From that comment grows claims like this from Donald Trump. What is the Supreme Court wrong when it comes to the Second Amendment?

BRIAN FALLON, NATIONAL PRESS SECRETARY FOR HILLARY FOR AMERICA: Well, you`re absolutely right what Donald Trump said today that Hillary Clinton wants to abolish the Second Amendment is absolutely false and as you mentioned, fact checkers have discredited that claim.

She absolutely agrees with the idea that the Second Amendment allows for individuals to own a firearm, but she believes that while respecting that right, there is still room for common sense gun safety measures like universalizing background checks, like closing the Charleston loophole that allow Dylann Roof to murder those worshippers at Mother Emmanuel Church in South Carolina.

So, she absolutely respects the right as it was contemplated.


KORNACKI: OK. This is -- this is where the difference may be. The Heller case is the Supreme Court decision a few years ago. It struck down Washington, D.C.`s ban on handguns. It said gun ownership is an individual right. You disagree with that.

FALLON: Well, there were a lot of parts to that decision. It said, number one, there was an individual right to own a firearm, specifically, it contemplated the idea of having a firearm for the purposes of self-defense in your home. She doesn`t dispute that principle.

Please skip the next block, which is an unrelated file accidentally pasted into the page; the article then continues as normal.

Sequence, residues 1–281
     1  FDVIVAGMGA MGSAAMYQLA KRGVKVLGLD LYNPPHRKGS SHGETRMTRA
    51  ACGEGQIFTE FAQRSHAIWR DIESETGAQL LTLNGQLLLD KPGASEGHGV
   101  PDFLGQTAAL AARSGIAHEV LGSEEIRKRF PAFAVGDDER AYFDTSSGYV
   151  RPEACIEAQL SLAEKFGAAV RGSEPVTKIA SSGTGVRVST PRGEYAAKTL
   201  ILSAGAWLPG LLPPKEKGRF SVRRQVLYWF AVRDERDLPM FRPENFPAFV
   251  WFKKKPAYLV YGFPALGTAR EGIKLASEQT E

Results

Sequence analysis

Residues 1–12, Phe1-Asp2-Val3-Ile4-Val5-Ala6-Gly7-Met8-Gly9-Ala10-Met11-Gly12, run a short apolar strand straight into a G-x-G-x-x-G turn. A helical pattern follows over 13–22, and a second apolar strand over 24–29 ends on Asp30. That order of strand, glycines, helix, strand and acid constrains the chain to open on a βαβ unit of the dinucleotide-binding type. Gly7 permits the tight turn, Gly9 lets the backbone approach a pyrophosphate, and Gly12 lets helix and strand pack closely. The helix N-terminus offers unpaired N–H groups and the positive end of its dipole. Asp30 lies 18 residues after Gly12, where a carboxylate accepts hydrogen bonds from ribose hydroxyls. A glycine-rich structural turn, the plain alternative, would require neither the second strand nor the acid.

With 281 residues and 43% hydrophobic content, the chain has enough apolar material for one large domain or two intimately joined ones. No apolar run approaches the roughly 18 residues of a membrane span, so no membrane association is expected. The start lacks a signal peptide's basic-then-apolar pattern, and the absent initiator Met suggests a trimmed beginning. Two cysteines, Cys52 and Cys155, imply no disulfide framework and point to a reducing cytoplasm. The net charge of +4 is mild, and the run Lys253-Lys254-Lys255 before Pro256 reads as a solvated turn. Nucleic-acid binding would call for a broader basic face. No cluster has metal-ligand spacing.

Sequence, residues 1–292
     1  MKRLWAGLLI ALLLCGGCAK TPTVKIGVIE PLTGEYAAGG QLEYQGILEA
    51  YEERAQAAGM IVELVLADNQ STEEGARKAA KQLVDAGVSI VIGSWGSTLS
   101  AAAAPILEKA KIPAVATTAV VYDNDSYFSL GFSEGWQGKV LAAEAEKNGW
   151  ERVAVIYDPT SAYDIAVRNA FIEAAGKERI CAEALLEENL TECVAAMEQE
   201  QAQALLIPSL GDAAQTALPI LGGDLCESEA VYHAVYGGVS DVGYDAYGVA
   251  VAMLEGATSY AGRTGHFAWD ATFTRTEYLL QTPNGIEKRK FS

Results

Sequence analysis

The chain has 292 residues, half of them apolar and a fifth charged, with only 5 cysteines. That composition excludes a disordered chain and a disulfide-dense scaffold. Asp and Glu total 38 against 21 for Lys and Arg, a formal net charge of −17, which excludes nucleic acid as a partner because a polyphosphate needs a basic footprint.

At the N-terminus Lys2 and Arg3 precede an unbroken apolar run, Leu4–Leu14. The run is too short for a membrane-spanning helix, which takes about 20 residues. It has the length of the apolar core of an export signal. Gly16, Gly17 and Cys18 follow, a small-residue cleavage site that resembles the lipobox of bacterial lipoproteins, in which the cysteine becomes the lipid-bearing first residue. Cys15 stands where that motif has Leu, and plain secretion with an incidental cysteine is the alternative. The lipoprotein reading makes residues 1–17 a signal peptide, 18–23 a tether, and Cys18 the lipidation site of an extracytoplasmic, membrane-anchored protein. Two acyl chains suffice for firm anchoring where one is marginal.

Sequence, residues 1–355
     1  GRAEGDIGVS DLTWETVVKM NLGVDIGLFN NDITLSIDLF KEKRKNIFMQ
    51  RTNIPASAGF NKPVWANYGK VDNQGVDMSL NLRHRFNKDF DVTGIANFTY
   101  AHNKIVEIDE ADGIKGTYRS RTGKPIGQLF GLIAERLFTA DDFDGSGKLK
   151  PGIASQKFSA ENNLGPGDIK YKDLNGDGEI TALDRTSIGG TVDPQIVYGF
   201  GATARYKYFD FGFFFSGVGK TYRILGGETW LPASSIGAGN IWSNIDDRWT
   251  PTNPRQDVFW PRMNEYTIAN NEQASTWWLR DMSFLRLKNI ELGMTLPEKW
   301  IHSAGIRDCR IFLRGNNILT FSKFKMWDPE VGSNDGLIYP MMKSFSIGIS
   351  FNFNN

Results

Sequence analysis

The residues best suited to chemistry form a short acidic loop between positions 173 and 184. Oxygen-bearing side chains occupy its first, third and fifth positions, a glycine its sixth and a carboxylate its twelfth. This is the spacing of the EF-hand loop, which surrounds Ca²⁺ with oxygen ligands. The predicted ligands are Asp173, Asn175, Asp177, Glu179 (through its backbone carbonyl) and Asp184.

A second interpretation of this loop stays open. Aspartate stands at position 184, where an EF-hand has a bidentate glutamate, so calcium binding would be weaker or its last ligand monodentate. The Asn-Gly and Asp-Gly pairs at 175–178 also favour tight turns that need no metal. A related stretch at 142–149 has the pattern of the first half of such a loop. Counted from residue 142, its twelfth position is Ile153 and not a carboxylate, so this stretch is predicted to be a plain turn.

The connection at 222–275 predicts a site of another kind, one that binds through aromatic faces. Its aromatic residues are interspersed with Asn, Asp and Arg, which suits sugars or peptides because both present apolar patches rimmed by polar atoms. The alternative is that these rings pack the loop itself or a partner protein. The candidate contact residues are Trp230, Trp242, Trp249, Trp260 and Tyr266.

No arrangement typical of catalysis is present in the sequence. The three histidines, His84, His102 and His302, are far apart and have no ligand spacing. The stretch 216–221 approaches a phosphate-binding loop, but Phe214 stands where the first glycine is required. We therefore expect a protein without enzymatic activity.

But the decision in Heller actually went beyond that and said that the D.C., for instance, the law that they passed that called for safe storage of firearms to prevent toddlers from getting access to guns that were stored inadequately in the home, they stuck down that and in doing so, opened the door to preventing localities across the country to customizing safety measures that would allow them to take proper precautions to ensure the safety, especially in highly densely populated areas.

And so, she thinks it went too far in terms of preventing places like New York from imposing common sense measures to ensure the safety of the population here.